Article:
In a nutshell, if low voltage drop is a major consideration in the function your circuit, then limit the uses of fuses (and connections) to where they are REALLY required.
     
  6. JJ

    JJ Funster

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    I fitted 4 solar panels (over time) and three 110 batteries to my live in van and used to spend hours of joy looking at read out figures...

    Soon I got to the stage when I just accepted life was too short...

    Now I switch a switch on and the item it is connected to starts working...

    When I am done I switch off.

    That's it.

    Solar power just keeps on giving...



    JJ :cool:
     
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  7. pappajohn

    pappajohn Funster Life Member

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    Up to 3% volt drop is expected and accepted as normal so it appears you are within accepted limits.
     
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  8. stevec

    stevec Funster

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    Thanks for the comments everyone.

    JJ.,,,,I like to look at numbers as well. When I know that everything is working as I expect it to, generally over a few months or so, then tend not to pay too much attention, But it's nice to check every now and then.

    I recon I was getting 80 watts at midday with the panel horizontal. Would that be about right for a 120W panel which is not perpendicular to the sun's rays (sun is about 60 degrees I think).
     
  9. BwB

    BwB Funster Life Member

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    If you have a remote display you could move the controller nearer to (next to) the battery(s) being charged. That would give you minimal loss from the regulated voltage out of the controller - moving the loss to pre-controller (where there is more room (voltage) for losses). Then stick the display wherever you need it.

    Just a thought. :)

    (and, if the battery is nearly full the controller won't be putting in the full wattage it's capable of. Turn the pump on at the same time and you'll probably see the current input go up too)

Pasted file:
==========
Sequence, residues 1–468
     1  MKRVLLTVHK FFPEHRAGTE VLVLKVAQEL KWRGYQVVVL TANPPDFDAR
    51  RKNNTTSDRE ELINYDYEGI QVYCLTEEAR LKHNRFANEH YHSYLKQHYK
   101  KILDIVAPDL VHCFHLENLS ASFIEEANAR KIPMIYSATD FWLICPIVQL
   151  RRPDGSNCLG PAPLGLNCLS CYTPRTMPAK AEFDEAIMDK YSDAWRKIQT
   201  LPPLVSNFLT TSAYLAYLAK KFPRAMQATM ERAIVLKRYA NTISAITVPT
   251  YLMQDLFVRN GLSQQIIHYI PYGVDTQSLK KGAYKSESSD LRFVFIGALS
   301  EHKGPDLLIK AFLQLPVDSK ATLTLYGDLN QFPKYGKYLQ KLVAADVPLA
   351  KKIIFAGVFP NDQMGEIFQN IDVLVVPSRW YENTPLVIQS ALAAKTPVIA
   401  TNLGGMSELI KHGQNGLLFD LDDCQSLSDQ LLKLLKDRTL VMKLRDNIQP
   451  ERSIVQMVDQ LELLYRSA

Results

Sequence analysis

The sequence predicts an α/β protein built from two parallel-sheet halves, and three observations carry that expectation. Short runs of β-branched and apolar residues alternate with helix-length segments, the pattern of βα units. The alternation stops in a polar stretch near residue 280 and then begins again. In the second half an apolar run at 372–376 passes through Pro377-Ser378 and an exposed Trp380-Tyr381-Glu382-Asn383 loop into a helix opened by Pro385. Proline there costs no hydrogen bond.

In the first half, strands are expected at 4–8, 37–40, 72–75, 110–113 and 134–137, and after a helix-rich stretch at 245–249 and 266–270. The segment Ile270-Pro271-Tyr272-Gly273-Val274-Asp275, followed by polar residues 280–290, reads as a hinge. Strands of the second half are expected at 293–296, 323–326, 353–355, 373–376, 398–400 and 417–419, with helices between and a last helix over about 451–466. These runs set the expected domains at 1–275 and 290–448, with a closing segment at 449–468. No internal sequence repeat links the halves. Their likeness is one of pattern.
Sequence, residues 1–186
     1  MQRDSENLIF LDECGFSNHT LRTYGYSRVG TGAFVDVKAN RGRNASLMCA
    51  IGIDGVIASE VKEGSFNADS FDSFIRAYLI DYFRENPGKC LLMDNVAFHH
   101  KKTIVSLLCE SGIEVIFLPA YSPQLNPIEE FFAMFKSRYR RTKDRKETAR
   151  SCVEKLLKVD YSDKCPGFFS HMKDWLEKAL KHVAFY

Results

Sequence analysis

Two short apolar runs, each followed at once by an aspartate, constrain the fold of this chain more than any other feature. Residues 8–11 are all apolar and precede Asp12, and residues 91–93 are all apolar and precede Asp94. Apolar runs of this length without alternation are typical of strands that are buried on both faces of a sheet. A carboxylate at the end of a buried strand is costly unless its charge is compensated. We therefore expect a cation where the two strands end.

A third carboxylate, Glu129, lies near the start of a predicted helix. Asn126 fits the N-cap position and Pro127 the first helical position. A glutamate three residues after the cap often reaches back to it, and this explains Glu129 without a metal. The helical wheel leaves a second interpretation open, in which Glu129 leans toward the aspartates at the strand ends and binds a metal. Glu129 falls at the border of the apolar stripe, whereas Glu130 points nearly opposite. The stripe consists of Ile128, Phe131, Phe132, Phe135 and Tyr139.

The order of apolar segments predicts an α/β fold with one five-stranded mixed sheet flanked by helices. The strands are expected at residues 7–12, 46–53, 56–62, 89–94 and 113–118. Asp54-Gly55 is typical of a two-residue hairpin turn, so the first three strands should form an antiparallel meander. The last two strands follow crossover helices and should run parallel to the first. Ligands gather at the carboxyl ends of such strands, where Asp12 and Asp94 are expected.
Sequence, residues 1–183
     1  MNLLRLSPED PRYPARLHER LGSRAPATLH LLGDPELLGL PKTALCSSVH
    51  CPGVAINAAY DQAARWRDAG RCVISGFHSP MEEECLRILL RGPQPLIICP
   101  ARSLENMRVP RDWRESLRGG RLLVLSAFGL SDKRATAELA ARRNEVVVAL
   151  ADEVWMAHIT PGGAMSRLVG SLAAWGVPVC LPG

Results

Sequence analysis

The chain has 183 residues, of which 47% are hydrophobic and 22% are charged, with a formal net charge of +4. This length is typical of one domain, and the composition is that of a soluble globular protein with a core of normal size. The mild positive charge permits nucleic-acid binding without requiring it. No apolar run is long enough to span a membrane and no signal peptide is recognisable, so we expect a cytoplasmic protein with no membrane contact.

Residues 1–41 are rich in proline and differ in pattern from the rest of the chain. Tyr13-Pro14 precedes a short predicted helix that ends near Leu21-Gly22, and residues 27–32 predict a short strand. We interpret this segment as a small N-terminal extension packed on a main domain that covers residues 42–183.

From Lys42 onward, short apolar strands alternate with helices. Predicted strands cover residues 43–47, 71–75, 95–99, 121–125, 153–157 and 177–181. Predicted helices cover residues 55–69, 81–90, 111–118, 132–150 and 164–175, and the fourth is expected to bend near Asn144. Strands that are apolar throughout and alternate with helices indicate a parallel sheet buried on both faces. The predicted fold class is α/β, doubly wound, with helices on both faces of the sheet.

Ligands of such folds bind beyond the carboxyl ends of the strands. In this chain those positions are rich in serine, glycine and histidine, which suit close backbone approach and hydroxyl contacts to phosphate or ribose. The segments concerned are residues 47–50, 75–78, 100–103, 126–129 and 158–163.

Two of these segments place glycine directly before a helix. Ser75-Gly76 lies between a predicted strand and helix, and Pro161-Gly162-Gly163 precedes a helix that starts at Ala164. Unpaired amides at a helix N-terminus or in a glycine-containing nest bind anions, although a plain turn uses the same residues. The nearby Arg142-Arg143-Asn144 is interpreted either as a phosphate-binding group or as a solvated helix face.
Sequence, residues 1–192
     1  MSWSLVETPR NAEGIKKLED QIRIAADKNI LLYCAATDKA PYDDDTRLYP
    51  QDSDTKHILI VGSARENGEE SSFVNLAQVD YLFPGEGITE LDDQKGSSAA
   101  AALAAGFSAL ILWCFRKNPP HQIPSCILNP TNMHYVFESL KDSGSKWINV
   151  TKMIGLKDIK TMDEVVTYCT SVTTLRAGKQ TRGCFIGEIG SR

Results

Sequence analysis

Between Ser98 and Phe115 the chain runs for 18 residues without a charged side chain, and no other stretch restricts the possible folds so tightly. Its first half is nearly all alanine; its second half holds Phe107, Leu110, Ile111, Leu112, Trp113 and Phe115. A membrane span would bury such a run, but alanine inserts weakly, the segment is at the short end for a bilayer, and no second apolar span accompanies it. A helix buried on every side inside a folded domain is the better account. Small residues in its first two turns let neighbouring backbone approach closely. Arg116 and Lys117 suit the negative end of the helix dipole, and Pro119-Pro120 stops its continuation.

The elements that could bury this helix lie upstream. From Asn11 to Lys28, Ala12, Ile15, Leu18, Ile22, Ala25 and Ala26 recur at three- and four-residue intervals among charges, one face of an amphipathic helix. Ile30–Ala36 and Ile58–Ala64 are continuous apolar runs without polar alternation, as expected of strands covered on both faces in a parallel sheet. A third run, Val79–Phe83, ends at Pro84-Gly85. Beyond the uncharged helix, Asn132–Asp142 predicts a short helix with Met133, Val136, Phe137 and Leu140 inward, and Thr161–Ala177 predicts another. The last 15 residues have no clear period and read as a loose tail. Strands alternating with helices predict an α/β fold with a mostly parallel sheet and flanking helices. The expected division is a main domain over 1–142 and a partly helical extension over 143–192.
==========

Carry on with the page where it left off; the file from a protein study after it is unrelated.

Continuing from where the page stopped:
10. tonyidle

    tonyidle Funster

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    Pretty damned good I'd say :):)
     
  11. tonyidle

    tonyidle Funster

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    If convenient that's where it should be.
     
  12. stevec

    stevec Funster

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    I was going to mount the controller in the locker that houses the battery, so less than half a metre run. But it would be exposed to all the stuff in the locker (chairs, cables, hoses) that needs to be accessed regularly. I then considered mounting on the other side of the locker wall just behind the passenger seat. again cabling exposed to things being store there and not very visible (things get put behind seats without looking generally). In the end I used a thicker cable and went for an eyelevel locker where it is easily seen and cables cannot be dislodged so easily. there was some trunking down the other side of the overhead locker wall that led behind the fridge which is next to the locker with the battery. Apart from in the overhead locker there are no cables visible anywhere so I looked for neatness over efficiency. I did consider several options. I also considered that the solar cable was far too inflexible to route the way I put the more flexible battery cable. All in all I'm happy with the installation, and more importantly so is SWMBO who is far more critical of the look of the thing and who doesn't care where the electricity comes from just as long as it's there when she wants it!!